By NEIL HARTNELL
Tribune Business Editor
Bahamians must "mobilise their outrage into action" if this nation is to defeat both real and perceived corruption plaguing society, governance reformers urged yesterday.
Matt Aubry, the Organisation for Responsible Governance's (ORG) executive director, told Tribune Business that The Bahamas has "a real unique opportunity" to attack graft given that 85 percent of Bahamians believe ordinary persons can make a difference in fighting it.
That finding was contained in Transparency International's latest Global Corruption Barometer study of the Latin America and Caribbean region, which also noted that 80 percent of Bahamians felt corruption in government was a major problem.
This placed The Bahamas behind only Trinidad & Tobago of the five Caribbean nations surveyed by Transparency International, while 45 percent of Bahamians polled feel corruption has increased over the past 12 months. Mr Aubry, though, argued that the findings did not surprise ORG ahead of the upcoming launch of its National Integrity Campaign.
"From the data we see in the Global Barometer, it is heartening to see 85 percent of Bahamians polled felt ordinary citizens can make a difference," he told Tribune Business. "That is what this campaign hinges on.
"What this poll shows is there's a real interest and appetite. The hope is, and ORG is trying to create the opportunity, for us to push forward in a way to change things. Just to be angry, just to be frustrated, just to be suspicious results in an emotional response that sees people vote to change the government every five years.
"A campaign on this legislation [the Integrity Commission Bill] that sits ready to go is a good potential solution to this.... It's critical to mobilise our discontent into action. That people not only see corruption as illegal, but its impact. It disproportionately affects those who have the least. They're waiting in line longer, unable to access government services, and most likely to be solicited."
Pointing to the Bill as an example, Mr Aubry said ORG had been puzzled as to why there was no public pressure on the government to move this anti-corruption legislation forward despite it "sitting" for two years and clear Bahamian frustration with the problems it is supposed to cure.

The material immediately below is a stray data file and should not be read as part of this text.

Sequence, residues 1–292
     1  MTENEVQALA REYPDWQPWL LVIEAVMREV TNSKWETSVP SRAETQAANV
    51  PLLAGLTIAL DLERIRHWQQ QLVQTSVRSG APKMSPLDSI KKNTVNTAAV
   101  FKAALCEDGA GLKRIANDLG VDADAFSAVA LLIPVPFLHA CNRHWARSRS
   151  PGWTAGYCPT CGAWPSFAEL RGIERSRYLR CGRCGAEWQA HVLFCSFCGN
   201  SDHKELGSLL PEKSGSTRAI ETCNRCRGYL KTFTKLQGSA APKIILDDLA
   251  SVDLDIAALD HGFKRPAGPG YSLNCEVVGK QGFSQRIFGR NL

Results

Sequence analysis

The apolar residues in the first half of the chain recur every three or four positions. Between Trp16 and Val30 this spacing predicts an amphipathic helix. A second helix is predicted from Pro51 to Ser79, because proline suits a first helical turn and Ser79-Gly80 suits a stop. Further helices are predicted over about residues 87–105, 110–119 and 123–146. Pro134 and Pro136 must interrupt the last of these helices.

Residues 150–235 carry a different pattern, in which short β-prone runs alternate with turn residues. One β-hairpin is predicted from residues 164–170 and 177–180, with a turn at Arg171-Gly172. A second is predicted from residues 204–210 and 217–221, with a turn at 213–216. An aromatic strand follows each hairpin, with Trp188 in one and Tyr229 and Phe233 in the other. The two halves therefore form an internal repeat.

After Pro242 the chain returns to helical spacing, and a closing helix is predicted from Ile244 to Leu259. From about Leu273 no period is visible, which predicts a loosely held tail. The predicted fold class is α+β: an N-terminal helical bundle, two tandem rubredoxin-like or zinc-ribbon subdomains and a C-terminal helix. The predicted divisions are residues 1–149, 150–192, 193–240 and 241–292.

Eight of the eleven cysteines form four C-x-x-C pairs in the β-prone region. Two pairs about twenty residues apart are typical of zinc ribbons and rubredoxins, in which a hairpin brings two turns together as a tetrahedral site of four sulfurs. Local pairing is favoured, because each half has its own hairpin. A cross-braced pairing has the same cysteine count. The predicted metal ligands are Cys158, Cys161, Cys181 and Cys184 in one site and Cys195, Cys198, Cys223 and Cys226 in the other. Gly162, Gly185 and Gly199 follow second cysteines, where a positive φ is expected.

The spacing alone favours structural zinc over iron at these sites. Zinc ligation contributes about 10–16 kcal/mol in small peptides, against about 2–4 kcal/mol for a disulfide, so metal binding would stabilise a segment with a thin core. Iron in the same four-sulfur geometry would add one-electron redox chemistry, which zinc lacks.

"The conclusion for is was that it's so ingrained in the culture that people feel this is what should be done. It's become the nature, it's become systematic, whether perceived or real, because of the inefficiency of the government system," Mr Aubry said of paying bribes to public officials.
"It's become a faster way around roadblocks, and an opportunity for many to move things along, get to the finish or how to jump the queue. It could easily shift to where there's no mention that you're expected to pay a bribe, but that this is the way of getting around an inefficient system. There's no need to solicit; everyone understands."
With such a culture "inculcated in the national processes", Mr Aubry said it could evolve to a situation where "the perception continues to exist beyond what the reality is" as the Government moves to digitise all its systems and processes to combat corruption and related crimes via initiatives such as e-procurement, Customs' Electronic Single Window (ESW) and Road Traffic's recent technology upgrades.
"People have felt that no matter what nothing's going to change," he added, revealing that ORG's National Integrity Campaign had undergone a "soft" summer launch involving youth engagement activities.
While Hurricane Dorian had delayed further progress, Mr Aubry pledged: "You'll see a much larger and broader launch in October going into the coming year. There is a real unique opportunity in The Bahamas that if we believe ordinary citizens can be part of the solution we can take a major step forward. "
The ORG executive director added that the $200m-$500m range given by the Prime Minister several years ago as to how much corruption costs The Bahamas annually was described as "indicative" of the problem's extent by Mr Aubry yesterday, although he acknowledged that its scale was hard to pin down.
The Transparency International report found that The Bahamas led the Latin American and Caribbean region for paying "bribes of convenience", with 41 percent of Bahamians who admitted to such payments citing this as the reason for doing so.
Such bribes were described as payments "to get things done more quickly or better", meaning that they were intended to facilitate "queue jumping" at Bahamian government agencies and/or to obtain permits, approvals and documents (passports, driver's licences, Immigration cards) when applicants did not have all the supporting paperwork required or are here illegally.
The results, obtained from 1,007 telephone interviews with Bahamians conducted by the Public Domain polling firm earlier this year, also revealed that the proportion of Bahamians paying a bribe within the past 12 months had doubled compared to Transparency International's survey of The Bahamas last year.
While the 2018 survey found that one in ten Bahamians, or ten percent, admitted to paying a bribe during the prior year, that percentage rose to 20 percent - one in five - for the 2019 survey, indicating that the graft culture is getting worse rather than improving.
And The Bahamas was also ranked second in the Latin American and Caribbean region for "sextortion", with 24 percent of Bahamians revealing they had personally been - or knew someone who had been - asked for sexual favours in return for receiving public services including health and education. Only Barbados, at 30 percent, achieved a worse ranking.